What’s the Deal with Nipples?
We get it. Nipples can be a confusing thing. There are wide ones and bent ones. Extra thin ones and ones that flow faster than others. No two nipples are made the same despite serving the same function!
Just as babies can experience nipple confusion, so can new parents! That’s why in this guide, we’ve broken down the basics of bottle feeding to talk about what nipples should be used during which stages and why there are so many kinds.
Show Me What They’re Made Of
Luckily, this is the easiest breakdown of them all. Nipples are made out of two materials: Latex and Silicone. We’re sure you’ve had a personal experience with both, so we don’t feel the need to explore this too intensely. Below we’ve highlighted some features and benefits of both.
- Porous meaning smell and taste are absorbed easily
- Need to be replaced more frequently
- Softer and more flexible making them prone to breaking
- Babies can develop allergies to latex, rendering them useless
- Less porous
- Does not need to be replaced as often
- Firmer than latex, hold their shape well, meaning they are less prone to nipple collapse during feeding
Similarly to a mother’s breasts, there are several different shapes and sizes you will encounter when exploring bottle nipple options. As mentioned in our review guide of The Best Baby Bottles, no single nipple shape works for every baby. That’s why it’s important to read your baby’s feeding cues and remain flexible when finding the right bottle feeding system.
Standard, or traditional, nipples have either a dome or bell shape, similar to that of a pacifier.
Said to mimic the natural shape of a mother’s breast, these nipples have a wide base and a raised platform.
These nipples are designed with an air vent to help reduce air consumption during bottle feeding.
These nipples are designed with a bulb, which rests against the roof of the mouth, and a flat angled side, to rest against the tongue.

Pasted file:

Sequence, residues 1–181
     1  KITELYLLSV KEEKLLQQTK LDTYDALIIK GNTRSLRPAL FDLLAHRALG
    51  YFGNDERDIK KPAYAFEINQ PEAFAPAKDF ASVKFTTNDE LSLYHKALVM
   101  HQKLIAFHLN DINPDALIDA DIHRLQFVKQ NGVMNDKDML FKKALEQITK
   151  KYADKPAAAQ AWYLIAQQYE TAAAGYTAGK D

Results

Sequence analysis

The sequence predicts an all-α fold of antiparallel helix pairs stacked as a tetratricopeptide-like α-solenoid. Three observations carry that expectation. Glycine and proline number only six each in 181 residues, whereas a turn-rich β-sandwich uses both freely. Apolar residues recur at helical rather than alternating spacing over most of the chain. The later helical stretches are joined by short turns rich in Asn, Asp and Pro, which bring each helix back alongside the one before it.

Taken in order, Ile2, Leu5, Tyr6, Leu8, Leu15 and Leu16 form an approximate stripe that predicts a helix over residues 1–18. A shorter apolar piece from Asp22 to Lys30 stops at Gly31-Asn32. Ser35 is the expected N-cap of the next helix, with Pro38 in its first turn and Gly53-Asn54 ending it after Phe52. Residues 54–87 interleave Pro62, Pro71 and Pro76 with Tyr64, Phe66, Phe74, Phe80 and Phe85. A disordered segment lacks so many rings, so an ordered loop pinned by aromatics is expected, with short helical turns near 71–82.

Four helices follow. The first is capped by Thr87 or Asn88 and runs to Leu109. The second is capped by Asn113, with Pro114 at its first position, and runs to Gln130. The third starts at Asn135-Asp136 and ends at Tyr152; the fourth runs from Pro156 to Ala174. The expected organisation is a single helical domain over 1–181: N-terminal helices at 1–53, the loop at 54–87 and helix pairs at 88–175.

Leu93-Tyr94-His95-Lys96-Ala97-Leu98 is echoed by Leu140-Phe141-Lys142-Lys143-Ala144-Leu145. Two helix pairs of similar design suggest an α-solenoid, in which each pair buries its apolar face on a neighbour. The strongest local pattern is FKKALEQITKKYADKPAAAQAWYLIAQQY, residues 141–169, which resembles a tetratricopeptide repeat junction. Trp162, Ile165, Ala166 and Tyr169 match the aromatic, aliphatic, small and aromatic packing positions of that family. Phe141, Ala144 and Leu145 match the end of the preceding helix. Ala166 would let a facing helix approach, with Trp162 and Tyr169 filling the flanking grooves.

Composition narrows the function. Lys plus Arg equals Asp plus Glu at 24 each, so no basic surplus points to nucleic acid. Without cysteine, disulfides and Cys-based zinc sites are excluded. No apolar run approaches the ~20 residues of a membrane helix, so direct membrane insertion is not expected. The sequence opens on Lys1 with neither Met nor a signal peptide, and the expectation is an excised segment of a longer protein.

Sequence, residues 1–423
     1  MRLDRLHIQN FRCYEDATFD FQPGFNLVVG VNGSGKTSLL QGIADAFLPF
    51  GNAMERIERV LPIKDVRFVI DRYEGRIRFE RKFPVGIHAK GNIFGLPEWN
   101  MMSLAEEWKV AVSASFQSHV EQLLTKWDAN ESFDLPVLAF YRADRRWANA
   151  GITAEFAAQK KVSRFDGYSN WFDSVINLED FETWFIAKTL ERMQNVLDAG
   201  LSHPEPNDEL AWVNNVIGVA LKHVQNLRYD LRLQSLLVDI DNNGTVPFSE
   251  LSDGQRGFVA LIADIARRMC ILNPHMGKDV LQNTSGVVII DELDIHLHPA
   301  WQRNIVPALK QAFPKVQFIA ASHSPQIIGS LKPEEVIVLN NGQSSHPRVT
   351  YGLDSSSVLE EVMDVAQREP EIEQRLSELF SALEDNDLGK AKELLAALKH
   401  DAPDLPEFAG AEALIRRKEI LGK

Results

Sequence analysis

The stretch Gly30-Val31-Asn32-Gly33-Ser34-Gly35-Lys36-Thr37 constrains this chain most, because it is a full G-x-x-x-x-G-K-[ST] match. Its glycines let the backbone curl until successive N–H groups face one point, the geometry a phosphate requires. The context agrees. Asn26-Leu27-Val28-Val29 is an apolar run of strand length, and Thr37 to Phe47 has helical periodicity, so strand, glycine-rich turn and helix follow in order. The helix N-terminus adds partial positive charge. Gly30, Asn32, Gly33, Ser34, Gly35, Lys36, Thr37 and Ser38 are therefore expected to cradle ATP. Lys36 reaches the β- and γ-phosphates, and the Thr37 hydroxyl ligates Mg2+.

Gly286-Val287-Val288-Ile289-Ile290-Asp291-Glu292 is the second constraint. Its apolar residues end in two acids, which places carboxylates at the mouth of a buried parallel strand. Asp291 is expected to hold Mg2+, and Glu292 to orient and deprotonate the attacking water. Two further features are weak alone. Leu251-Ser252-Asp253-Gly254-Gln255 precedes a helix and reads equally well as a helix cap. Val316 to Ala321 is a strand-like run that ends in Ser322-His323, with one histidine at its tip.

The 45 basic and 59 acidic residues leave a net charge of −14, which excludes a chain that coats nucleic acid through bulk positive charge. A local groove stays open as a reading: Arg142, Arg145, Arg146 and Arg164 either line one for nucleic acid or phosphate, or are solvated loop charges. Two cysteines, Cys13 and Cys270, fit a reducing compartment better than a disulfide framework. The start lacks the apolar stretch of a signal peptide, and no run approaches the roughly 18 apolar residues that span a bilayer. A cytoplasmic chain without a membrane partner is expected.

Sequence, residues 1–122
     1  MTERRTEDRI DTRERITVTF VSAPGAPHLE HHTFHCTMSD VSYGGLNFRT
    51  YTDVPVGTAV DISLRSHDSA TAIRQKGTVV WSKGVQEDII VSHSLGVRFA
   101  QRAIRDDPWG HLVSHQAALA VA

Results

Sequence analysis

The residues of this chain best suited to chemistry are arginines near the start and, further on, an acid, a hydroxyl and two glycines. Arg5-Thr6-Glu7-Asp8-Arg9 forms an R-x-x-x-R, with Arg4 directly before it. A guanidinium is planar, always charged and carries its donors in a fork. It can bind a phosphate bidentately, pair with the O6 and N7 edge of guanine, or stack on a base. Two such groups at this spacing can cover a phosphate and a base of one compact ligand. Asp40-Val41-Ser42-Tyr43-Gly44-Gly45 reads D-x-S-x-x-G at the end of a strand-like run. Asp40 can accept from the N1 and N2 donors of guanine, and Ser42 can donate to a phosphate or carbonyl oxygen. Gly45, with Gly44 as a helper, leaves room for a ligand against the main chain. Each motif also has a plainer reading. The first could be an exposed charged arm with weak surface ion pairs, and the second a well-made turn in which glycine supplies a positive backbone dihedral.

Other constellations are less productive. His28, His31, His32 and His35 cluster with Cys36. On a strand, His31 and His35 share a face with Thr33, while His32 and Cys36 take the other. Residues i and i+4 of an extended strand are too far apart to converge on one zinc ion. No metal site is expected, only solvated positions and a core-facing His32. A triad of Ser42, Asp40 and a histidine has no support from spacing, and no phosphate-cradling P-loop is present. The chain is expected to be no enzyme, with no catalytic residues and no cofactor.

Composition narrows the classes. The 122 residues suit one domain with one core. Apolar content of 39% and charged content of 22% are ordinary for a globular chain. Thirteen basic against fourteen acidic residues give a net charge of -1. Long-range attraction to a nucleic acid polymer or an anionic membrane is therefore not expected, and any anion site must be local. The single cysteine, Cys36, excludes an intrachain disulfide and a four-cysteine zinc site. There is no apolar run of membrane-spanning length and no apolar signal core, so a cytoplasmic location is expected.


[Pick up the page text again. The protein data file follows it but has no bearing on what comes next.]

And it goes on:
These are the nipples which come standard on most 4oz bottle feeding systems. They are recommended for babies 0-3 months old.
If your baby is struggling with the slow flow nipple included with your bottle, it may be necessary to use a newborn or premie nipple. Some bottle systems, such as Dr. Brown’s, sometimes offer an Ultra Preemie bottle nipple.
This nipple is recommended for babies 3-6 months old or for babies who are frustrated when taking a slow flow nipple. They are normally included with the 8oz bottles.
Variable Flow (sometimes mistaken for or advertised as a Y Cut) is a medium to fast flow nipple able to accommodate thicker liquids. They typically have a Slit rather than a Y Cut. Philips Avent defines this as an adjusting slot which means your baby determines the flow of the liquids.
Generally recommended for babies 6 months an older. The faster flow is designed to accommodate some thicker liquids.
These nipples are a fast flow nipple and are designed to accommodate thicker liquids. This could include a thicker milk or formula. We also recommend using these nipples with the introduction of cereals to baby’s diet.
Rounding it Out
We know the transition (or straight leap) into bottle feeding can be an overwhelming one, but we hope with a little knowledge of bottle feeding basics you’ll be able to navigate the realm more confidently. Of course, we are always here to answer your questions about certain products, but please know it is always best to consult your pediatrician for your unique feeding situation.
If there’s anything you feel we missed, please feel free to contact us! We love hearing about your experiences and always value the extra input.